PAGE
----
Picks and Pans Review: The Legend of Bagger Vance
Having already starred in or directed movies about skiing (1969's Downhill Racer), baseball (1984's The Natural) and fly-fishing (1992's A River Runs Through It), Robert Redford now turns to golf—the world's most boring game, at least to watch onscreen. Like those earlier films, The Legend of Bagger Vance is about more than sports: It heavy-handedly equates mastering hitting a ball into a hole with solving the mysteries of life. Though competently acted, this too-tidy drama is one big yawn.
Damon plays a former golden boy named Rannulph Junah, who was once the best golfer in the South. He loses his emotional bearings, and his golf game, on the battlefields of World War I. Flash forward to Savannah in the early '30s, when his long-estranged fiancée (Theron) coaxes an alcoholic, reclusive Junah into appearing in an exhibition she's sponsoring featuring real-life legends Walter Hagen and Bobby Jones. Showing up out of nowhere to coach Junah is Bagger Vance (Smith), a mysterious caddy who talks like Deepak Chopra, nattering on about how each of us has an "authentic swing" (schwing, maybe, but swing?) and how everything will be okay if we can just find it.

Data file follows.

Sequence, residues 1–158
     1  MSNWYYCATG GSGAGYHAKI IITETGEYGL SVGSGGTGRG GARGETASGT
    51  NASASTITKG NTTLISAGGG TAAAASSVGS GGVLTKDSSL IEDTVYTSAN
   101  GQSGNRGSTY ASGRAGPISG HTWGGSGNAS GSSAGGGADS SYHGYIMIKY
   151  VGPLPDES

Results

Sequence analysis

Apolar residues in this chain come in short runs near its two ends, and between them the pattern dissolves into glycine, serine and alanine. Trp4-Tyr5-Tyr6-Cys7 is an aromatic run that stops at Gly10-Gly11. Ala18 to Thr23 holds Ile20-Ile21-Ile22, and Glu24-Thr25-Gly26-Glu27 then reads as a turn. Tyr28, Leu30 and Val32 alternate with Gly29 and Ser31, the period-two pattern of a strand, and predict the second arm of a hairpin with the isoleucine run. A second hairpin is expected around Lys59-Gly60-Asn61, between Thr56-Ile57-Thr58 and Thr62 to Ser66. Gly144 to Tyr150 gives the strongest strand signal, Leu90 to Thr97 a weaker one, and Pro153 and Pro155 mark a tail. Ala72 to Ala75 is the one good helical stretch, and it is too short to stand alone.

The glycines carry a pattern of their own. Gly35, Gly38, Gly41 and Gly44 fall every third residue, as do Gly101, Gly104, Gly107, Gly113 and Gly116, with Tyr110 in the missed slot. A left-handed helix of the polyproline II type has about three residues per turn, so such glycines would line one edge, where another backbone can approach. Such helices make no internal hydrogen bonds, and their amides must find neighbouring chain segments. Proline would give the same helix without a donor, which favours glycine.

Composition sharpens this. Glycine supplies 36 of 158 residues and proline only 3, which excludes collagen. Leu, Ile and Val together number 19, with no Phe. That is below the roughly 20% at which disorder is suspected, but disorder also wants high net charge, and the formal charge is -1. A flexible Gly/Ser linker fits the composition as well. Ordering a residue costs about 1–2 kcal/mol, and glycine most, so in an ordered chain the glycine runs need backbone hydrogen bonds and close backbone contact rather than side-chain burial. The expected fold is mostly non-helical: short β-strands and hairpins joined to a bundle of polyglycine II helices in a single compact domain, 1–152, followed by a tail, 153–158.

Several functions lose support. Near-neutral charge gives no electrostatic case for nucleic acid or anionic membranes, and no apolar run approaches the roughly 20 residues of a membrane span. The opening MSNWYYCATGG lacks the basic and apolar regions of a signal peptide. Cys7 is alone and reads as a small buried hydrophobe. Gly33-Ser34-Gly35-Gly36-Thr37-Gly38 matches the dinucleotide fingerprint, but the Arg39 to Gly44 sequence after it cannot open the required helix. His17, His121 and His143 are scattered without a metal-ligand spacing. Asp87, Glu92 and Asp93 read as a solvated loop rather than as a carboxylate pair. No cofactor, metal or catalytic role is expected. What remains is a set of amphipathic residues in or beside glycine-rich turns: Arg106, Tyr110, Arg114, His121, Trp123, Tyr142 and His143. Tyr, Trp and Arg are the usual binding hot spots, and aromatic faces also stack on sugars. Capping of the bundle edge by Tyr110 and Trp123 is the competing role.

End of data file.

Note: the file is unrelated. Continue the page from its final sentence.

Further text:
Redford does all that he can to make Vance's numerous golf scenes seem exciting—we're treated to club-cam and fairway-cam—but even Tiger Woods couldn't save this one. (PG-13)
Bottom Line: Swing and a miss